How CISOs Can Work With the CFO to Get the Best Security Budget

How CISOs Can Work With the CFO to Get the Best Security Budget

Today’s enterprise security executives are faced with situations that can really hurt the company’s bottom line. Security teams are trying to modernize security operations in an increasingly porous network environment with more sophisticated threats. There are also economic pressures from layoffs, budget cuts, and restructuring.

Worse, CFOs have heard doom-and-gloom predictions from CISOs of the potential financial catastrophe of data breaches so often that it no longer resonates with them.

The doomer scenario is not hypothetical — global compliance requirements and privacy regulations drive the cost of a breach higher than technical costs alone. However, CFOs and other C-level executives often hear these warnings today that background information alone does not drive their decision-making.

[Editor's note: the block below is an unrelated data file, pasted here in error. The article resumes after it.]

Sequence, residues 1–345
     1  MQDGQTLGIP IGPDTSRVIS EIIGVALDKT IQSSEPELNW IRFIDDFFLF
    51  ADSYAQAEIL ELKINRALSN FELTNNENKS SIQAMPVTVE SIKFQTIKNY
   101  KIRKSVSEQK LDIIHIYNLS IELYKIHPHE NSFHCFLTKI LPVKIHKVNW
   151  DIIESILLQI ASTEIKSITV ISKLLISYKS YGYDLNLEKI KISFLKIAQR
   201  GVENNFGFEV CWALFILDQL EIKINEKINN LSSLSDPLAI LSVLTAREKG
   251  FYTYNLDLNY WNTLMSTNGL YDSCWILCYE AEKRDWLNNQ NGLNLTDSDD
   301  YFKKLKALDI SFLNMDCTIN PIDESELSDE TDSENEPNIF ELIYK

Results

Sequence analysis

Is there a more effective way to help the CFO understand why security needs to be better funded? Yes: Present the CFO with a shared-risk scenario.

Setting Protection Priorities

Allan Alford, who was a CISO in various industries including technology, communications, and business services before becoming a CISO consultant, says CISOs should use a different approach to describe cybersecurity issues to the CFO . They should start by asking the CFO to identify the six most important strategic elements of the business — potentially including the supply chain, manufacturing operations, sensitive future product plans, etc. — then detail their plans for protecting each of the critical areas, Alford said.

The CISO can present the situation to the CFO in the following way: “Thank you for sharing those priorities. Now, you are saying that we need to reduce the security budget by 37%. Given the state of the economy in our sectors, that is completely understandable. To make the cuts possible, can you tell me which of these six areas I should stop protecting? We’ll also need to bring in the line-of-business executive so you can explain how that will affect these changes in that area.”